And standing before you four years ago, I knew that I didn’t want any of that to change if Barack became president.
Well, today, after so many struggles and triumphs and moments that have tested my husband in ways I never could have imagined, I have seen firsthand that being president doesn’t change who you are– it reveals who you are.
You see, I’ve gotten to see up close and personal what being president really looks like.
And when she spoke of her husband, it wasn’t hard to remember the man we all voted for four years ago…and she slammed it out of the ballpark:
So when it comes to rebuilding our economy, Barack is thinking about folks like my dad and like his grandmother. He’s thinking about the pride that comes from a hard day’s work, that’s why he signed the Lilly Ledbetter Fair Pay Act to help women get equal pay for equal work. That’s why he cut taxes for working families and small businesses and fought to get the auto industry back on its feet.
That’s how he brought our economy from the brink of collapse to creating jobs again – jobs you can raise a family on, good jobs right here in the United States of America.
When it comes to the health of our families, Barack refused to listen to all those folks who told him to leave health reform for another day, another president. He didn’t care whether it was the easy thing to do politically – that’s not how he was raised – he cared that it was the right thing to do.
He did it because he believes that here in America, our grandparents should be able to afford their medicine…our kids should be able to see a doctor when they’re sick…and no one in this country should ever go broke because of an accident or illness.
And he believes that women are more than capable of making our own choices about our bodies and our health care…that’s what my husband stands for.
Barack knows the American Dream because he’s lived it…and he wants everyone in this country to have that same opportunity, no matter who we are, or where we’re from, or what we look like, or who we love. And he believes that when you’ve worked hard, and done well, and walked through that doorway of opportunity…you do not slam it shut behind you…you reach back, and you give other folks the same chances that helped you succeed.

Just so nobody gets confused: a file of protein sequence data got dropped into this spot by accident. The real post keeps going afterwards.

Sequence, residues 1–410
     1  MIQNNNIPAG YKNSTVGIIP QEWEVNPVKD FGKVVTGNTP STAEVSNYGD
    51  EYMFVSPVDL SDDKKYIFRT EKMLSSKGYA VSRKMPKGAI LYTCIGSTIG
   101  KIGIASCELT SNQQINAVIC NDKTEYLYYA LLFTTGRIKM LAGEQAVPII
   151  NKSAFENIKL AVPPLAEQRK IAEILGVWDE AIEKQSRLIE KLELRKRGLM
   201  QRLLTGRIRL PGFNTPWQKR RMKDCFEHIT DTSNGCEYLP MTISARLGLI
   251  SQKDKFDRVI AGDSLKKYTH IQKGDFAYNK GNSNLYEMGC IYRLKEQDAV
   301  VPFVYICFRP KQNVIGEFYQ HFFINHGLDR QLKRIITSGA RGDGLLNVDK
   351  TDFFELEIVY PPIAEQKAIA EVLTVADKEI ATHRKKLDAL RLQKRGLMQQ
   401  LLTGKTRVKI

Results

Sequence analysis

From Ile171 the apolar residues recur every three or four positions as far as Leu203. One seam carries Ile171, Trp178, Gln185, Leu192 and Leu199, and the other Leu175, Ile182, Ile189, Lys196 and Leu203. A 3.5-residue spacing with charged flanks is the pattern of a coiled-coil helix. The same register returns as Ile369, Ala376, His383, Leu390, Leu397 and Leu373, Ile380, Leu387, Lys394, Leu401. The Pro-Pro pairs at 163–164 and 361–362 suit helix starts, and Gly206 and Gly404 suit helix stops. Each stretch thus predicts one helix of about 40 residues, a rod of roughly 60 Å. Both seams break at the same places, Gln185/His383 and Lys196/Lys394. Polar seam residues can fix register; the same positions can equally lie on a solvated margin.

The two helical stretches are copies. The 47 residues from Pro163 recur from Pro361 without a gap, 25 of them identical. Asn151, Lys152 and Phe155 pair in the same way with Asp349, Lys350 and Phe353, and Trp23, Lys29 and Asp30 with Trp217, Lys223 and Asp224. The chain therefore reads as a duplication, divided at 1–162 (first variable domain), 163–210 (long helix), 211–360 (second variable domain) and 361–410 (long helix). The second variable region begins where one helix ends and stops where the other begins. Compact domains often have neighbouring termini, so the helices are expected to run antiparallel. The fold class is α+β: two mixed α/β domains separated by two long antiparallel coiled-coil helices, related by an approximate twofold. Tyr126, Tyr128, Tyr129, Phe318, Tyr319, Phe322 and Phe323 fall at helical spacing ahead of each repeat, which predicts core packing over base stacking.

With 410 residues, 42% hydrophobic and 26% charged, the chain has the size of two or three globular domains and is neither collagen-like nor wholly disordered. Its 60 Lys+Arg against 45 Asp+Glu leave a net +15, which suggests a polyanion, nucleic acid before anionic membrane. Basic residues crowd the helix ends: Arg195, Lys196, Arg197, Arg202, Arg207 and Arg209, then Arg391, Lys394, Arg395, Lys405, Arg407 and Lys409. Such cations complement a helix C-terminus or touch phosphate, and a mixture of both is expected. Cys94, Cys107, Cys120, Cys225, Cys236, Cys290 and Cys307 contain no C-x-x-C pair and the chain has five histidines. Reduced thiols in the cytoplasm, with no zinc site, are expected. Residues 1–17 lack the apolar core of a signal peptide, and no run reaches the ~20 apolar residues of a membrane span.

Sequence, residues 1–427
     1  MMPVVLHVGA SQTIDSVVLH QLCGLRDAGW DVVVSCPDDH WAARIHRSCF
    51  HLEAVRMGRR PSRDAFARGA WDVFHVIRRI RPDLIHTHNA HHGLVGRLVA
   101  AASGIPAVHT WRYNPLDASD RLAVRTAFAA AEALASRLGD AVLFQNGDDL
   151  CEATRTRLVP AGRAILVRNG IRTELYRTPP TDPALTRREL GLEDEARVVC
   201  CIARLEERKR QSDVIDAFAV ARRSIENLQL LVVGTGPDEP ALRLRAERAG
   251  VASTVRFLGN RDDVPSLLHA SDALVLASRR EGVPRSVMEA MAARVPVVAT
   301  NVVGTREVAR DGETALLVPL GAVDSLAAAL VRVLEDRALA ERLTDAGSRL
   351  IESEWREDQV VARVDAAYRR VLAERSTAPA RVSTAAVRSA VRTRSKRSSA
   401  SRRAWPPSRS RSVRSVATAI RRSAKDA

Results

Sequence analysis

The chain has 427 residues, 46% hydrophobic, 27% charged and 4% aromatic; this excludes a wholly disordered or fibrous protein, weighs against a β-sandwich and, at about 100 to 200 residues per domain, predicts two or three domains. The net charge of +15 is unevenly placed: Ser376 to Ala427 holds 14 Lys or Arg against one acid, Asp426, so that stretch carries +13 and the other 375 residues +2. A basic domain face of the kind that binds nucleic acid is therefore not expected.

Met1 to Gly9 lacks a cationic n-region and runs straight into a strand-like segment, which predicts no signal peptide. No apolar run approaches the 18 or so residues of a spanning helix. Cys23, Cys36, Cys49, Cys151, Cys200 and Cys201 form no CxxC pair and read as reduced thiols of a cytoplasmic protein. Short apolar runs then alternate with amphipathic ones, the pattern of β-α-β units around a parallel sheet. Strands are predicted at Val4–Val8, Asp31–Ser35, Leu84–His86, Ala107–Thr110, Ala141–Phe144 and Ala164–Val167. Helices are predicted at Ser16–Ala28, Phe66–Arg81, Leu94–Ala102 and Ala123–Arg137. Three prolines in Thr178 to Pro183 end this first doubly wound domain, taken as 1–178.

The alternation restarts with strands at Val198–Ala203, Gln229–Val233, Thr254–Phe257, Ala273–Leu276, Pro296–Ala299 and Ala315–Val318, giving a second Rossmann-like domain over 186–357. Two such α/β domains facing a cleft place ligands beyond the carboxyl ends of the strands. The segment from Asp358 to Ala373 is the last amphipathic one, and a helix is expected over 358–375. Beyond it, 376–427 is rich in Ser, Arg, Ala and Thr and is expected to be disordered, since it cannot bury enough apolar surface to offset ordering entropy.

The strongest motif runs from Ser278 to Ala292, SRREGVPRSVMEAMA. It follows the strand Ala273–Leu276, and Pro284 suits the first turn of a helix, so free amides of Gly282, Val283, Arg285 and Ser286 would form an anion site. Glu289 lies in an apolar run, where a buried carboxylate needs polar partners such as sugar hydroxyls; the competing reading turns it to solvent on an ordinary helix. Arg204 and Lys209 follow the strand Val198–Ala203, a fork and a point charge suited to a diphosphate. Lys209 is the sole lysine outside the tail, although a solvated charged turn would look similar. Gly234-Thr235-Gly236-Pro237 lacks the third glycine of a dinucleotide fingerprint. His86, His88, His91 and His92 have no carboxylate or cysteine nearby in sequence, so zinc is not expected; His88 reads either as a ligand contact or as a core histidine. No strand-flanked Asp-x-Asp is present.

So, yes, there were a lot of differences to take note of between Michelle and Ann Romney – tangible, visceral and principled differences – but Michelle Obama has not changed since becoming the First Lady. She is still the Mom-In-Chief, who puts her daughters first, and who dreams of a better world for all of America’s children, not just her own:
You see, at the end of the day, my most important title is still “mom-in-chief.”
My daughters are still the heart of my heart and the center of my world.
But today, I have none of those worries from four years ago about whether Barack and I were doing what’s best for our girls.
Because today, I know from experience that if I truly want to leave a better world for my daughters, and all our sons and daughters…if we want to give all our children a foundation for their dreams and opportunities worthy of their promise…if we want to give them that sense of limitless possibility – that belief that here in America, there is always something better out there if you’re willing to work for it…then we must work like never before…and we must once again come together and stand together for the man we can trust to keep moving this great country forward…my husband, our President, President Barack Obama.
Her speech was stunning, she was stunning and if you want to look at an ideal for America, it’s not – and has never been for that matter – the mythical Mayberry that the Republicans try to put forth as our “golden days” that never existed in reality; instead, it is the reality of two people like Barack and Michelle Obama, who are the epitome, the realization of the American Dream and American values, and something we can all aspire to.
WATCH the First Lady’s speech (full transcript here):